TheAliMan Wrote: ------------------------------------------------------- > DanLieb, you are absolutely correct, puts are the > exception. Because the stock is bounded by 0, it > means that there is a benefit to early exercise, > and if I recall, the price of an American put > should be higher than that of the European put to > prevent arbitrage so on dividend paying stocks: value american call > value european call value american put > value european call non dividend paying: value american call = value european call value american put > value european put (why is this, if it is in fact true?) make sense?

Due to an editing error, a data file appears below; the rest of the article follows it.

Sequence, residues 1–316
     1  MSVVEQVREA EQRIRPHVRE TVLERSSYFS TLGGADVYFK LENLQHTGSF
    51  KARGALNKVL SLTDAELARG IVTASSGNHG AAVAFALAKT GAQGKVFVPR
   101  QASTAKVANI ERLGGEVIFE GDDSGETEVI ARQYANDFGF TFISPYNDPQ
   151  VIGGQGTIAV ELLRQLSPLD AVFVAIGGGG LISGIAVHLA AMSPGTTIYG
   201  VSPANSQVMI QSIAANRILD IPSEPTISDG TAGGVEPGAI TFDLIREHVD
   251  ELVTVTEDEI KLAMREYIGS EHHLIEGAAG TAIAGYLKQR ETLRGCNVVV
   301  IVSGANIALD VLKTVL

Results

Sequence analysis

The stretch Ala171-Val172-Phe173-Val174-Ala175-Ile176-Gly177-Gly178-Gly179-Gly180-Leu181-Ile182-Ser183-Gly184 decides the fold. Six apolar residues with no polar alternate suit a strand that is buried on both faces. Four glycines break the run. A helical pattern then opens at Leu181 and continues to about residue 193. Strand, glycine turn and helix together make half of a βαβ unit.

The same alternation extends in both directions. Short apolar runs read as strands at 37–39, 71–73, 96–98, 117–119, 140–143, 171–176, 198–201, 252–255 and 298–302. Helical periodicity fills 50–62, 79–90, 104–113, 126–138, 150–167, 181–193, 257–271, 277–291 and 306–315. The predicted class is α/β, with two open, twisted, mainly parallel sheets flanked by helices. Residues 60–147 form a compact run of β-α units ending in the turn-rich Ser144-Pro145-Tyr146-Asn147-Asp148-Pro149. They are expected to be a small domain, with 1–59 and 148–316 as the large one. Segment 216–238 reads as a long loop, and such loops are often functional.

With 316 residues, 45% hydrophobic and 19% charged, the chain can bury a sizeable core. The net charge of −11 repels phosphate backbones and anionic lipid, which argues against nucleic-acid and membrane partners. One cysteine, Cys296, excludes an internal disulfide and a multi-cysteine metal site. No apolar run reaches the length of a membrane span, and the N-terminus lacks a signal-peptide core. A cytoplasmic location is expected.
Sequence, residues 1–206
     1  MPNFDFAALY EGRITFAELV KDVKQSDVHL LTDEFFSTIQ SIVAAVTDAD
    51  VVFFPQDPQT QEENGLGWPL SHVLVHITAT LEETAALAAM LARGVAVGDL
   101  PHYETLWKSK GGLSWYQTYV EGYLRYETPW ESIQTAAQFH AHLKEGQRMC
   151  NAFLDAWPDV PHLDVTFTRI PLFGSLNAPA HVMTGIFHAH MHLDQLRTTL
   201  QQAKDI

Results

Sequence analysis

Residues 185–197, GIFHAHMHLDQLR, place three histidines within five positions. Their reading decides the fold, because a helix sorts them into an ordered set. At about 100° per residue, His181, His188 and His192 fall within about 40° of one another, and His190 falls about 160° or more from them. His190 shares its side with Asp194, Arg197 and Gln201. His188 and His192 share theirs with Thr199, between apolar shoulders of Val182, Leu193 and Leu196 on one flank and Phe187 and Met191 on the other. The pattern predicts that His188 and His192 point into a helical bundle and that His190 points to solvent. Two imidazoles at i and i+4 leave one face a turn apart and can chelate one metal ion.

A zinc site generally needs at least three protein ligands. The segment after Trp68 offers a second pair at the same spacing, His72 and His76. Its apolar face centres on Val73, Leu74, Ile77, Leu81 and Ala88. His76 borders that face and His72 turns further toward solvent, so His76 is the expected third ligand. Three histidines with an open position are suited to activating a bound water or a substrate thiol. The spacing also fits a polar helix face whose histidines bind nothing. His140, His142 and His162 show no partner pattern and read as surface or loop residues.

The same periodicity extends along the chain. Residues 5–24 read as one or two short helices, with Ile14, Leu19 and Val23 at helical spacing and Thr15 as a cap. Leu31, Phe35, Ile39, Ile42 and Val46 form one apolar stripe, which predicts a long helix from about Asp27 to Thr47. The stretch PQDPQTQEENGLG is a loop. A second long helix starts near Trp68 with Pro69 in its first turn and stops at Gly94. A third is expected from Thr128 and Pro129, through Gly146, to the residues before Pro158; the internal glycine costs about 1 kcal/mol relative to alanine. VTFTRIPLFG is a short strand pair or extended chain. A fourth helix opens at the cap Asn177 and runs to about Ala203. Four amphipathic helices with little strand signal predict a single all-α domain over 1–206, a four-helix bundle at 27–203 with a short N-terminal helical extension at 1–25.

the show NY Wrote: ------------------------------------------------------- > TheAliMan Wrote: > -------------------------------------------------- > ----- > > DanLieb, you are absolutely correct, puts are > the > > exception. Because the stock is bounded by 0, > it > > means that there is a benefit to early > exercise, > > and if I recall, the price of an American put > > should be higher than that of the European put > to > > prevent arbitrage > > > so on dividend paying stocks: > > value american call > value european call > value american put > value european call > No. value american call >= value european call value american put >= value european call > > non dividend paying: > > value american call = value european call > value american put > value european put (why is > this, if it is in fact true?) > > > make sense? value american put >= value european put